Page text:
02 December 2011

Kate Smith Christmas Vinyl Delights

A Pseudo Double Dose of Heavenly Kate Smith Christmas Vinyl
By Kristin Battestella

This time of year, I am of course, trigger needle happy over good old fashioned and flat sounding Christmas records.  In seeking angelic sounds of the season-either spiritual, swinging, or secular- one is hard pressed to find a better vocalist than the iconic, full of notes and range Kate Smith.  Her Christmas with Kate Smith LP is packed with holiday treats so good they did it twice, with a Picwick Records release Kate Smith O Come All Ye Faithful following in merry suit.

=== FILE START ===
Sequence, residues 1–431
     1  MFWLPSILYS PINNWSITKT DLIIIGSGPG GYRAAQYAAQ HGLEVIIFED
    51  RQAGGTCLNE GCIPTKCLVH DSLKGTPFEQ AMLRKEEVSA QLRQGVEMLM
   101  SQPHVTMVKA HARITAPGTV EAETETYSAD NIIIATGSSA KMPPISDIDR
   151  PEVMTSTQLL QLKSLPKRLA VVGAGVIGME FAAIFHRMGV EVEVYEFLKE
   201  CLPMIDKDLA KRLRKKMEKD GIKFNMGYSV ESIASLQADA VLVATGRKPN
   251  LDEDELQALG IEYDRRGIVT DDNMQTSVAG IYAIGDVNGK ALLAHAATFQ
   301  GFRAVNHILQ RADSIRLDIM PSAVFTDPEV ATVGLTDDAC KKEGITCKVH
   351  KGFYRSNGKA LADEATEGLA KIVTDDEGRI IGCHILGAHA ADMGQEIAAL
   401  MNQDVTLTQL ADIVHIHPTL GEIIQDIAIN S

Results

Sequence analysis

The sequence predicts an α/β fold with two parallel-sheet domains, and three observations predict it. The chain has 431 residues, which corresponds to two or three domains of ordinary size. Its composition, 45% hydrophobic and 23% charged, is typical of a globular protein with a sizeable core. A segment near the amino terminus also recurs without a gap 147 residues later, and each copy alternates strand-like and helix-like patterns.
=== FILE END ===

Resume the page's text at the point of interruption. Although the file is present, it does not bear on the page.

Deck the Halls opens Christmas with Kate Smith with a happy, fast, zestful, and fun rendition.  It’s big, boastful, and great to sing along to- but this particular tune lets introductory fun trump Kate’s voice, which is capable of much, much more. Her White Christmas, however, is damn near better than Bing’s original! And I know that is seriously saying something! Oh, the way those big notes are somberly lingered upon- yet Irving Berlin’s essential still moves in a melodic and swinging, effortless style.  Kate perfectly delivers with a catchy, deliciously snowy forties sound with just a hint of December brooding.  Christmas with Kate Smith is worth the record hunt for this track alone!